Beasts of Burden

In mission times, horses and mules, particularly the latter, were indespensable for the transport of men and materials. Missions could not have been established or maintained without them. California's Hispanic society was equally dependent and it perpetuated and developed the horse-related knowledge and skills that had been brought from Spain and adapted continuously in the New World. Before the paved road was built on the peninsula, few ranchers had cars or trucks to use even on level ground. Mountain ranchers were as dependent on pack animals as their ancestors had been two centures before. Each rancher made semi-weekly or monthly trips to a town or village. His beasts hauled out his produce and hauled home his purchases. A traveler in the sierras was struck by the amount of equestrian activity as animals were rounded up, escorted along trails, loaded and unloaded on the way, fed, watered, packs adjusted, etc. These routines conjured up remarkable reminders of our common past.

  • Mule roundup near Rancho de San Martín, 1980.
  • Mules in stone corral at Rancho de Vivelejos, 1980.
  • Packtrain crosses the mesa del Tabardillo, 1977.
    Chuy Ojeda, Tacho Arce, and Quino Arce conduct the pack animals carrying the baggage for one of my expeditions to ferret out the locations of rock paintings in the sierras of central Baja California.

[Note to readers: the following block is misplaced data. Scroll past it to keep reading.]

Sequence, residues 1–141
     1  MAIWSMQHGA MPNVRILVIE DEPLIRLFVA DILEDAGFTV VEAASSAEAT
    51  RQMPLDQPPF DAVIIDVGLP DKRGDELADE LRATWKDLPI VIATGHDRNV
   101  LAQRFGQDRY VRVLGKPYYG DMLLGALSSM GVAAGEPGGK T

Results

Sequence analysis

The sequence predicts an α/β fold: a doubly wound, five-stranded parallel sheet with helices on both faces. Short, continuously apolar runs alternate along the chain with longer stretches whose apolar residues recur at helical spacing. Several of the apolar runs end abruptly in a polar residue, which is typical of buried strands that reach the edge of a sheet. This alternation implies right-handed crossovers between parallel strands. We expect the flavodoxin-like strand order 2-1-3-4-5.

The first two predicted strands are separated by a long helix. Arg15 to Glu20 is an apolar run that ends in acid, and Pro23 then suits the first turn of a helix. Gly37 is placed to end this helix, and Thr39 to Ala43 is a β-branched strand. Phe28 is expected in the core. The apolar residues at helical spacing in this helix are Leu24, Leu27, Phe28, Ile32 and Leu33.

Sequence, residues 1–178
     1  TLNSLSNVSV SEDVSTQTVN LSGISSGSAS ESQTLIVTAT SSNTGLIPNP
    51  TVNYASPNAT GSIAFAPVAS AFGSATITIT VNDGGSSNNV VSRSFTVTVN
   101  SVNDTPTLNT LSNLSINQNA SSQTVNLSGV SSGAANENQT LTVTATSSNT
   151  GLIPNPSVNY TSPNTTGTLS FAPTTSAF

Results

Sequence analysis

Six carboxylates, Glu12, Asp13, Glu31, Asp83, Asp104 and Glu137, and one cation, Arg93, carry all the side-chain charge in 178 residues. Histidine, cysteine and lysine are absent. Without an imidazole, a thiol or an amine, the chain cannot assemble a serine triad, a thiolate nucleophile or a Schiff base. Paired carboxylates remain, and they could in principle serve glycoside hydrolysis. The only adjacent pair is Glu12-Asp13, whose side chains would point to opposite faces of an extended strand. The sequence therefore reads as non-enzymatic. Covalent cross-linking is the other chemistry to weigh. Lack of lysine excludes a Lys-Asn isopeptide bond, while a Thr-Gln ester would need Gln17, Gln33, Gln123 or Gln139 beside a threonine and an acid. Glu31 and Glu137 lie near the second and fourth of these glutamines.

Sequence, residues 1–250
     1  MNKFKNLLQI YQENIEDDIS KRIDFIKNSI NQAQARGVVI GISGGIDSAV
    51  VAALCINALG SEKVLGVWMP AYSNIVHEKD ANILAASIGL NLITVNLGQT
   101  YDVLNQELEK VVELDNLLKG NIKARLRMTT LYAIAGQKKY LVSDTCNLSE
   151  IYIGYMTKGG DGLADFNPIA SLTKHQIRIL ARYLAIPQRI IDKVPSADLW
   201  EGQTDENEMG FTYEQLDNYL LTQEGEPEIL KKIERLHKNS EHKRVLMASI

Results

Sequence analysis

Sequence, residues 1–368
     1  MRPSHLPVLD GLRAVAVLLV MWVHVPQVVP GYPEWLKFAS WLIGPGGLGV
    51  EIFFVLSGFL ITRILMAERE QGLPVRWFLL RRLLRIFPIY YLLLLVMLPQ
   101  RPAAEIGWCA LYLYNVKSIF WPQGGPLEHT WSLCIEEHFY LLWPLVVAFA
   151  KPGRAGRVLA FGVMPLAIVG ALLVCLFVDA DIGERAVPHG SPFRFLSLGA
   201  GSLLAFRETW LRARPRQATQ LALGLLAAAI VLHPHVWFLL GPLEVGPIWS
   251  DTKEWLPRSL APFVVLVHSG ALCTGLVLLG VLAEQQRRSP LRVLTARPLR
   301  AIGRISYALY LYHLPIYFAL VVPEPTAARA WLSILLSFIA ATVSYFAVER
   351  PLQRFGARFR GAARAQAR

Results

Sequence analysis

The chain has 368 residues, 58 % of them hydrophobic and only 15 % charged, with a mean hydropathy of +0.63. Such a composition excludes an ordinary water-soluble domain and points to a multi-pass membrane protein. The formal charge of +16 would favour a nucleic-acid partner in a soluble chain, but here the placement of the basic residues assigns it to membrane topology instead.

• Opening a cattle gate between the ranches of San Nicolás and San Pablo, 1973
  • Return from a three-day roundtrip to the nearest store, 1980.
  • My party starts the descent from San Gabriel to San Narciso, 1980.
  • Ranchers from San Antonio guide their animals through Arroyo del Infierno, 1971



When horses and mules were introduced to the peninsula, they suffered just as severely from depredations by mountain lions and Indians as did cattle and did not adapt as well to browsing on native shrubs. Burros, on the other hand, adapted easily and came to be used as poor substitues for mules, both for pack and saddle. Burros are considered comical, the butt of many jokes. They are universally held to be cunning, contrary, and fractious. A man who must employ burros is derided for his low estate and bad fortune even by his fellows who, any day, will of necessity resort to the same source of power and mobility. No one admits to inconsistency in all this; it is one of the mountain men's oldest games.

  • Burros rest between burdens at Rancho Carricito, 1980
  • Loading a burro at Rancho de Santa Cruz, 1972.
  • Loaded burros stop for water at Rancho de Guadalupe, 1980.